My dad has all these pithy little sayings that he repeats on occasion. You need to keep in mind that this is a guy with a unique and educated sense of humor–everything he said would be delivered with a twinkle in his eye. Perhaps that is his Irish ancestry shining through? Every once in a while, I’ll find myself repeating them to other people or I’ll be telling people about something my dad once told me. I wanted to save them all in once place–enjoy.
“Marriage is a 50/50 proposition. You just gotta recognize your 50% when it comes along.”
“Everyone carries their own little bag of garbage around.” –he’s actually quoting a friend here
“Measure twice, cut once.”
“In all likelihood, engineers have done more to extend human lifespan than doctors.”
“You need to be able to string together 20 to 100 good decisions in a row. Making a big mistake 1 out of 5 times ain’t gonna cut it.”
“Debt is a cruel master.”
“Always live below your means.” My parents were quite devout, but next to their religion, they demonized debt and fanaticized financial responsibility too. More importantly, how to achieve financial success. Their favorite person to push on us was Dave Ramsey and his 10 Baby Steps. His steps are easy for anyone to follow; and we still proudly follow his framework even now. Financial success doesn’t necessarily mean being RICH–it means being free from debt, risk, and dependency.
“There are two types of fun. Type 1 fun is like roller coasters and video games—which have immediate gratification and feel great while you’re doing them. Type 2 fun is like climbing a mountain or running a marathon. They sometimes suck while you’re doing them, but once you’ve done it, you’re really glad you did.” This is actually a quote from my Uncle, but he and my dad are so similar, it would certainly be something dad would say.
On Being Polite
“Always be a diplomat.”
“An armed society is a polite society.”
“Manners are the lubricant that makes civilized life possible.”
“Don’t let other people set your agenda.”
When I didn’t want to do my homework, he’d say “the more time you spend complaining about your homework, the less time you have to go and do something fun.”
“You and Bill Gates have the same 168 hours in a week. How will you spend yours?”
“Your job is to make your boss’s job easier.” What he means by this is, even if your job title is say, a designer, and designers make websites and pretty graphics, those tasks are mostly irrelevant because you were actually hired to fill a need for your company or boss, and if that means takings on different responsibilities, then do it.
Which leads to his next saying “Make yourself un-replacable.”
“Do all you’ve agreed to do.”
“90% of success is just showing up.”
“Time = money.”
“If you’re early, you’re on time. If you’re on time, you’re late. If you’re late, you’re forgotten.” He didn’t say this one all the time, but I do remember him saying it at least once; and for some reason it always stuck.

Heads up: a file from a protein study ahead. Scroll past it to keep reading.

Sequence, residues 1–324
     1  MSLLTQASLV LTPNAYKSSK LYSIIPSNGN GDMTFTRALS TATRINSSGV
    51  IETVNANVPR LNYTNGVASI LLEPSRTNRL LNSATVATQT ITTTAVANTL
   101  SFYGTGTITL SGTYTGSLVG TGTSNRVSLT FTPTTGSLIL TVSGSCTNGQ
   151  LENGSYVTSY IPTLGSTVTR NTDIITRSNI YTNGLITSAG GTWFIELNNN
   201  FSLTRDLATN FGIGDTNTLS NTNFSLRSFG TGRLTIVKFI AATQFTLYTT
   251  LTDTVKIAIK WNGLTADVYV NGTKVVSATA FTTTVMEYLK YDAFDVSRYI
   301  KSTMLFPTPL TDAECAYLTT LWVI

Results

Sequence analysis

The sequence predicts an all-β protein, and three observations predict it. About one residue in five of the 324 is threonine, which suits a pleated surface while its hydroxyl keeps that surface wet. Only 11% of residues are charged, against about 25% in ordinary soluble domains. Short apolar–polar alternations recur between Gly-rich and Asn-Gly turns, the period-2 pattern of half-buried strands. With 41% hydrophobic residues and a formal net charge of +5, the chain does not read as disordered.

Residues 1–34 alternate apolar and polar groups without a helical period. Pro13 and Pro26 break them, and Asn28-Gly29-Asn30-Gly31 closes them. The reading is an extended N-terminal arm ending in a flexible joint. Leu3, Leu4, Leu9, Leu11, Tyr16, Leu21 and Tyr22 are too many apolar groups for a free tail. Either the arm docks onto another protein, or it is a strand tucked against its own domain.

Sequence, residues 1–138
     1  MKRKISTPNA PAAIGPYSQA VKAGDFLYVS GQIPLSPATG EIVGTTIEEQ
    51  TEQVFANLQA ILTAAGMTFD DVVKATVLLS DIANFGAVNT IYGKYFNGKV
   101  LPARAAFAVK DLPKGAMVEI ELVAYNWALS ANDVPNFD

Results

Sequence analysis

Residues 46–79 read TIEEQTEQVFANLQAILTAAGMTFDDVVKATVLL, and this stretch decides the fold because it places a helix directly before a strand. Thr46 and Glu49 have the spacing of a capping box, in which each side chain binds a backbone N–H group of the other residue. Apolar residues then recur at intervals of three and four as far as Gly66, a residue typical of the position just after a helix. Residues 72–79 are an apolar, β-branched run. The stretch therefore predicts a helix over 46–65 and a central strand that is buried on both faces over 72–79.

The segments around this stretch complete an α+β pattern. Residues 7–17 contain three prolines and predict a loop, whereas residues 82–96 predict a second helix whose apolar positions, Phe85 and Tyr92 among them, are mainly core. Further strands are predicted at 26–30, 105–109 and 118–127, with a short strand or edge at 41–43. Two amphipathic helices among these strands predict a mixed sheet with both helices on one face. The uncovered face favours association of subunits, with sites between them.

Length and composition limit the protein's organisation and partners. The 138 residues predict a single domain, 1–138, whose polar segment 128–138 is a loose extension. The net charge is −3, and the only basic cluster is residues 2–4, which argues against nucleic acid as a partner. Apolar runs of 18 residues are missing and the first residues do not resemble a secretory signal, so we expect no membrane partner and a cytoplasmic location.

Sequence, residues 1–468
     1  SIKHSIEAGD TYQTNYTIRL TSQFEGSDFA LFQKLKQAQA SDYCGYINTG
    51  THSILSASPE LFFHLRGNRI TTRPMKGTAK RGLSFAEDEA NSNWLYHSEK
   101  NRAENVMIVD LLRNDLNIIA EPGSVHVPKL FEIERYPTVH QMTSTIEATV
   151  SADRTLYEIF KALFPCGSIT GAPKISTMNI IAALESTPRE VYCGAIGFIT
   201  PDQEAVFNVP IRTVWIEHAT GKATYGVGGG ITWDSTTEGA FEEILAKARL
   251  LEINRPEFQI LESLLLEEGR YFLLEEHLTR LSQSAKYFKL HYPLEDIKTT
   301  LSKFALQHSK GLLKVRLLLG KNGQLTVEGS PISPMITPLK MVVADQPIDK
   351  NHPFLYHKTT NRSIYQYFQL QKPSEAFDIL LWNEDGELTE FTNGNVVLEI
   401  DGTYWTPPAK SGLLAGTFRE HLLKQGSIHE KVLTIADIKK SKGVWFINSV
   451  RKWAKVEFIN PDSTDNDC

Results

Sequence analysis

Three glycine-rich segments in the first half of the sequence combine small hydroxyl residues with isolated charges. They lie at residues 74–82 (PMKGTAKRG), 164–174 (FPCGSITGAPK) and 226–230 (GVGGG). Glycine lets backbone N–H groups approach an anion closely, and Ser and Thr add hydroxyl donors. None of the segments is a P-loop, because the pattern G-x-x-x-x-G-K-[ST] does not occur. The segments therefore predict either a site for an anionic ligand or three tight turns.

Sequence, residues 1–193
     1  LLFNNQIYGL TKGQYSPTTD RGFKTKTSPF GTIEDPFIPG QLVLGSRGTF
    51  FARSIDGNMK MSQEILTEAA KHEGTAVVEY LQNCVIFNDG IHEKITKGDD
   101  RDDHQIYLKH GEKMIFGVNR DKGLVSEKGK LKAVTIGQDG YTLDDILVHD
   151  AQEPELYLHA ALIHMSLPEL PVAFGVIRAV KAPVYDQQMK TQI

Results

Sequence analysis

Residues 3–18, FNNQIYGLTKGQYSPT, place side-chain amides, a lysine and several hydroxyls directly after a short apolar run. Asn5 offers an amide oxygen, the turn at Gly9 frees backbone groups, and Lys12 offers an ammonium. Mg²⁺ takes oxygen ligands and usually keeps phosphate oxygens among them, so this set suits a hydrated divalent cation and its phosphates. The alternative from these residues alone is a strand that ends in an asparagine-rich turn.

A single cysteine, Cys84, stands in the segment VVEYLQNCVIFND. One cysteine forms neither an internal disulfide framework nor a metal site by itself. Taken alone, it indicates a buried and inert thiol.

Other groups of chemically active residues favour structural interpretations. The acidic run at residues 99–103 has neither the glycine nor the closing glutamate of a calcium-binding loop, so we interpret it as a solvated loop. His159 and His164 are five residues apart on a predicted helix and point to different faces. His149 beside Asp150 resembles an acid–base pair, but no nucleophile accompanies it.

“My right to swing my fist ends at the tip of your nose.” (Of course not original to my dad, but he is big on liberty and small government)
My dad enjoys topics such as finance, economics, and politics, so usually when we have family discussions around certain subjects, these are saying that come up sometimes. He usually means them in the ironic sense. Think “Murphy’s Law”, “toast always lands buttered side down”, etc.
- “The road to hell is paved with good intentions.”
- “Beware of the law of unintended consequences.”
- “No good deed goes unpunished.”
“I don’t read news, I read ideas.”
On Raising Kids
“Behavior that you subsidize, you get more of. Behavior that you penalize you get less of”. While this is a saying for the study of economics in general, he always used to say this to us in regards to raising us. He would reward us when we did something good, and punish us when we did something bad. To clarify, “punish” was never cruel or unsusual, think in terms of “time outs” or “being grounded”. Rewards were always ample and diverse, sometimes praise, other times money or a valuable good–sometimes all three. By the time we were adults, we knew what was expected of us.
“Raising kids is a lot like training a dog.”
“Be coachable.” He would always say this to us when we weren’t listening, following instructions, or being generally stubborn. After all, who wants to coach a kid on their team that is being a pain in the ass? It’s a good life lesson to be a team player.
Things I’ve Started Saying
I of course, repeat all of my dad’s sayings to people, which is why I am remembering them here. But everyone once in a while I am come up with some “general good advice” that I want to add to his.
“If you read something or hear something that makes you feel afraid, angry, or rushed you should be instantly skeptical of it.”
“‘I don’t know’ can be a carefully considered answer to a question, just like ‘yes’ or ‘no’ can.”
“Keep your friends close and your enemies closer.”
“Be a listener first, a thinker second and a speaker last.” or “Read, think, write”
“Sort yourself out, clean your room, slay the dragon.”
Image Source : Wasim Salim